See 1 Min. Video Below
"Why Is School Set Up To Promote One Type Of Achievement, One Type Of Child, And One Type Of Assessment?"
" In our expanded conception of giftedness, we raise questions about the 'gifted child' label . . .
Much modern research has been concerned with how gifted kids look, sound, think, and act, largely in an effort to help educators better meet their needs in school and in supplemental programs. The conclusion: There is no one absolute profile.. . . .research findings lend credence to our theories about the distinction
between schoolhouse learners and creative-productive learners."---- "Light Up Your Child's Mind"
Chapter 2: Dreamers, Challengers & One Track Minds
Over the last few weeks, in our conversations with parents, we've noticed something that went beyond a coincidence of anecdotes. There were just too many with the same "conclusions". (Note: these were typically dual-income parents who valued education and were in the mid-to-upper range on the socio-economic scale).
The topic? How different each of their children were from each other:
1) One child was near perfect academically. Good/great grades, no major problems, did well on tests. Driven by extrinsic motivators: school achievement awards, grades, honors, parent "gifts".
2) The other child, labeled "creative", showed few signs of actively pursuing the school/parent rewards of child #1 in school. In other words, this child was driven by certain interests and approaches, yet seemingly often in opposition to the "ideal" of school/class/teacher expectations.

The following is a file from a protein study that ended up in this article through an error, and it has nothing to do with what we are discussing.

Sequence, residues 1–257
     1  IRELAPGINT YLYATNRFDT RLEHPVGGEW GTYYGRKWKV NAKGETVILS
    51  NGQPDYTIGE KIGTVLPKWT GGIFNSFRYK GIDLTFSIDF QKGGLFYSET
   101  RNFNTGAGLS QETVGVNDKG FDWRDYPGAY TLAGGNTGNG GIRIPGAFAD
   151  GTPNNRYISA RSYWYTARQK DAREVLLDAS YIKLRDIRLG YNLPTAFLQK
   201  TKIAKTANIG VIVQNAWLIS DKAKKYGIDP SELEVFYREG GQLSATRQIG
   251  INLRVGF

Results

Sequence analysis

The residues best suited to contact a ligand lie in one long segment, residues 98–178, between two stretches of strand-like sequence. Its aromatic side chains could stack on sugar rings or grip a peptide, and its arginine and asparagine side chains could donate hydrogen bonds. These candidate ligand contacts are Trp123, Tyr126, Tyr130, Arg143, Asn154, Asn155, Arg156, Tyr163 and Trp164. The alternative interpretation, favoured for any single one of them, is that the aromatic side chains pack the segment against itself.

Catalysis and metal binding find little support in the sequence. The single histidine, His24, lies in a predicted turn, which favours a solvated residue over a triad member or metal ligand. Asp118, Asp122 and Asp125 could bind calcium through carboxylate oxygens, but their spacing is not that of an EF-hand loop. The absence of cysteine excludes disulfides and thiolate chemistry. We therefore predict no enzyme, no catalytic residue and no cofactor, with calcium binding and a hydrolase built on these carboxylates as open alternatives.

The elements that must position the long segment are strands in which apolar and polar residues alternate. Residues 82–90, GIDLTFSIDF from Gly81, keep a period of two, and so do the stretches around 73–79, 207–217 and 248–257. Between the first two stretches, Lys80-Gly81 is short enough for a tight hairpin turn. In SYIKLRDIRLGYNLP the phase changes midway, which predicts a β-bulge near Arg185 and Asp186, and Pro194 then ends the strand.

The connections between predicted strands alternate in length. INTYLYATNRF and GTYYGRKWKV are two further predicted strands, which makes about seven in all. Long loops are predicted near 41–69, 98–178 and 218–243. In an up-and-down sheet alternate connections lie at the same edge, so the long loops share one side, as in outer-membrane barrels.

No surprise here, necessarily. These stereotypes have existed for some time. But, what made us pause was WHICH child the parents were most worried about . . . and THAT fact was not only seemingly counter-intuitive but it also opened up a huge can of worms in the educational world of "givens".
The parents were more worried about the child who did well academically.
Their other child, #2, was described as always "creating" something: writing, tinkering, drawing, building, actively challenging, experimenting - "mad scientist" was a word that came up more often than not. The biggest concern with child #2 was how to "get them through school" with their drive still in tact, their spirit not broken and with the grades to get them into a good college.
They sensed that child #2, in the real world, will somehow, figure it out and/or make things happen.
The academic child was the one they feared would have a harder time surviving in the real world: either lacking the "pluck", the adaptability, the ability (or motivation) to think beyond the test or the class. These children also tended not to handle "being wrong" very well and had a harder time with an open challenge lacking in clear, specific directions.
We love this video below for reminding us of that, all too clearly: